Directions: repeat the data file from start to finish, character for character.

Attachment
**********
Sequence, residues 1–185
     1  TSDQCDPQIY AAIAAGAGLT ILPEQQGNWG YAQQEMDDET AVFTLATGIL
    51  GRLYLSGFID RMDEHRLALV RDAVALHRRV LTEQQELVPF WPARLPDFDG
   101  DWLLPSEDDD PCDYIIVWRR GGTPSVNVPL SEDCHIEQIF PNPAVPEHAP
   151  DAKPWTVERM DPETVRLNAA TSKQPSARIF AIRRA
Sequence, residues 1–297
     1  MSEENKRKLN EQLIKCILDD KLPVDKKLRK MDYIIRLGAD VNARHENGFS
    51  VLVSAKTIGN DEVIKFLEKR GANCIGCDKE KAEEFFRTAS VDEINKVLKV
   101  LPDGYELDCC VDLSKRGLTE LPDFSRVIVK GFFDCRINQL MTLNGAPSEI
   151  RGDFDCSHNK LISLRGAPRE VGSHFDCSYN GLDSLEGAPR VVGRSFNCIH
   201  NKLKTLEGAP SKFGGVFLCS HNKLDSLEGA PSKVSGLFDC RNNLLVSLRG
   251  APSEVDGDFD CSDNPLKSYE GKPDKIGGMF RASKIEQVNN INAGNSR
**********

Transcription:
Sequence, residues 1–185
     1  TSDQCDPQIY AAIAAGAGLT ILPEQQGNWG YAQQEMDDET AVFTLATGIL
    51  GRLYLSGFID RMDEHRLALV RDAVALHRRV LTEQQELVPF WPARLPDFDG
   101  DWLLPSEDDD PCDYIIVWRR GGTPSVNVPL SEDCHIEQIF PNPAVPEHAP
   151  DAKPWTVERM DPETVRLNAA TSKQPSARIF AIRRA
Sequence, residues 1–297
     1  MSEENKRKLN EQLIKCILDD KLPVDKKLRK MDYIIRLGAD VNARHENGFS
    51  VLVSAKTIGN DEVIKFLEKR GANCIGCDKE KAEEFFRTAS VDEINKVLKV
   101  LPDGYELDCC VDLSKRGLTE LPDFSRVIVK GFFDCRINQL MTLNGAPSEI
   151  RGDFDCSHNK LISLRGAPRE VGSHFDCSYN GLDSLEGAPR VVGRSFNCIH
   201  NKLKTLEGAP SKFGGVFLCS HNKLDSLEGA PSKVSGLFDC RNNLLVSLRG
   251  APSEVDGDFD CSDNPLKSYE GKPDKIGGMF RASKIEQVNN INAGNSR